Sep 142015

onaschoutsmallby Bill Onasch

Trouble Top to Bottom
Whether your pole of attraction is in the Arctic or Antarctic it is in big trouble. Both are stressed out by that unwelcome, unintended consequence of the Industrial Revolution—global warming. Of course, so is the rest of the planet in between. But the long frigid areas associated with the poles have been particularly vulnerable to the inexorable rise in average global temperatures—July was the hottest month in recorded history.

In turn both regions have an enormous impact on the world’s weather, water temperatures and currents; as PermaFrost thaws the most potent of all greenhouse gas, methane, is released; melting sea and shore ice in the Arctic and Southern Oceans and receding once giant ice shelves in Greenland and Antarctica, contribute to rising sea levels.

These forces were the perfect backdrop for President Obama’s recent visit to the 49th state to pitch the re-launch of his “climate action plan.” The educational theater of the President’s journey to Alaska was commendable—but his plan not so much.

The very structure of the President’s plan is shaky. It’s legal authority relying on executive order is already being challenged and in any case could be reversed with the stroke of a pen by the next, or any future President, short of its objectives. It is restricted to reducing carbon emissions only in the electrical power industry. It relies on cooperation of states in determining and implementing quotas—much like the Affordable Care Act.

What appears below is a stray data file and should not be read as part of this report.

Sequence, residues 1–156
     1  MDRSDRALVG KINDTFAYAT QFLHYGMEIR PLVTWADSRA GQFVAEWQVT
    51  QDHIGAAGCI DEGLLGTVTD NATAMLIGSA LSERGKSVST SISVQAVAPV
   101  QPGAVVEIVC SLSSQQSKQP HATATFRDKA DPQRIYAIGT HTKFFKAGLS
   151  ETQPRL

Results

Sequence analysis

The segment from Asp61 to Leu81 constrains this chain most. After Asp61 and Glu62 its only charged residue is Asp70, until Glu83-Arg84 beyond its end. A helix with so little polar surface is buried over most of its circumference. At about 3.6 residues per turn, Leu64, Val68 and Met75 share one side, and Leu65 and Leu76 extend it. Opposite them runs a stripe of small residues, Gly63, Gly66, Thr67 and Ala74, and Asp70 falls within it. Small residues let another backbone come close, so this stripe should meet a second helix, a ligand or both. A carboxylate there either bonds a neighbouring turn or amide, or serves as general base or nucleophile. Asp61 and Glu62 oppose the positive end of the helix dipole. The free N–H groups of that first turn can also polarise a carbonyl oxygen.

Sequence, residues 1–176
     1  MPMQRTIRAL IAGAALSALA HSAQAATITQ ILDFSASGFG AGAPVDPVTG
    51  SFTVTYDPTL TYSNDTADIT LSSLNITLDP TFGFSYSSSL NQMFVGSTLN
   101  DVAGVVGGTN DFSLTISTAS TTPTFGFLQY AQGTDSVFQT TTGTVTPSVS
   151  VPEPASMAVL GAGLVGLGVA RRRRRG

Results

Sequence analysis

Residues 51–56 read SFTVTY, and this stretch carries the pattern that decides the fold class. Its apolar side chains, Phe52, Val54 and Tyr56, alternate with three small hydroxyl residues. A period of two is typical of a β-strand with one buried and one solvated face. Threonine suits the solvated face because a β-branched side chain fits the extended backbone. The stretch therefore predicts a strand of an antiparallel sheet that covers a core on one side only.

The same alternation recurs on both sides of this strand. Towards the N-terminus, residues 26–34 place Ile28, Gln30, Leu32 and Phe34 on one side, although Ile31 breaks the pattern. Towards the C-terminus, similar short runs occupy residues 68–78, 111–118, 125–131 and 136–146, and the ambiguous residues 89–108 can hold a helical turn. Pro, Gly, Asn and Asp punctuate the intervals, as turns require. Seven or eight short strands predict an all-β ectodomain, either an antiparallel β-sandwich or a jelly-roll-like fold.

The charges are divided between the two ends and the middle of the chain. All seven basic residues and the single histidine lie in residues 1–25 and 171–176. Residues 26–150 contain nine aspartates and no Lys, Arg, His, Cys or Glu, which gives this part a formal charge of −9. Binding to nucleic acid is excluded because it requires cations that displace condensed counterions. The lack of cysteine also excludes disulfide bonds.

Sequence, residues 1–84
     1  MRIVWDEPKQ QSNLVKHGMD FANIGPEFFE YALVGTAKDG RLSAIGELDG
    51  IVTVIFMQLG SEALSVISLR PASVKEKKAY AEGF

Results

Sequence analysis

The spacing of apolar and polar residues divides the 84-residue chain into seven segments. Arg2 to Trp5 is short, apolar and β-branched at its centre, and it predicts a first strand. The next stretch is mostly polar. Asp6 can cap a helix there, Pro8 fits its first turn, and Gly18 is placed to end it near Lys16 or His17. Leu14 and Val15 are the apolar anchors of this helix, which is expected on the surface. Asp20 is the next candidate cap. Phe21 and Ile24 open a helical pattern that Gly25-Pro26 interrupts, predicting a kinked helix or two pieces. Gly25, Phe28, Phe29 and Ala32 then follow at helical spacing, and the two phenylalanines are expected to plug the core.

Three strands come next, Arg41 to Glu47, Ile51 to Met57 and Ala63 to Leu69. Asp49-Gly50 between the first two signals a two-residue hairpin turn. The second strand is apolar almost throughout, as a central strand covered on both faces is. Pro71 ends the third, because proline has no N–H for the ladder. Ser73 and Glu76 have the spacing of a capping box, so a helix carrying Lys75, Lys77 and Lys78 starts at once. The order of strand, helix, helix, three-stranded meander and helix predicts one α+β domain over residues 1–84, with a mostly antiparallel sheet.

The goals of this American plan, submitted to the COP21 Climate Summit meeting in Paris in November, aren’t much to write home about either. It does not begin with the benchmark of the expiring 1997 Kyoto Accord that the Clinton-Gore administration helped shape—but never submitted to Congress for ratification. It instead projects a 32 percent reduction in power plant emissions by 2030 from the much higher starting point of 2005.

This past decade has, of course, been marked by an astounding conversion of power plants from coal to gas-fired. Gas belches only about half the carbon emissions of coal. The motive of the utilities has not been a desire to go green. Hydraulic fracturing (fracking) methods produced a glut of gas that became cheaper than coal—at least for now. It is this low hanging fruit that makes the 32 percent reduction credible. In fact, a number of states have already met their 2030 target.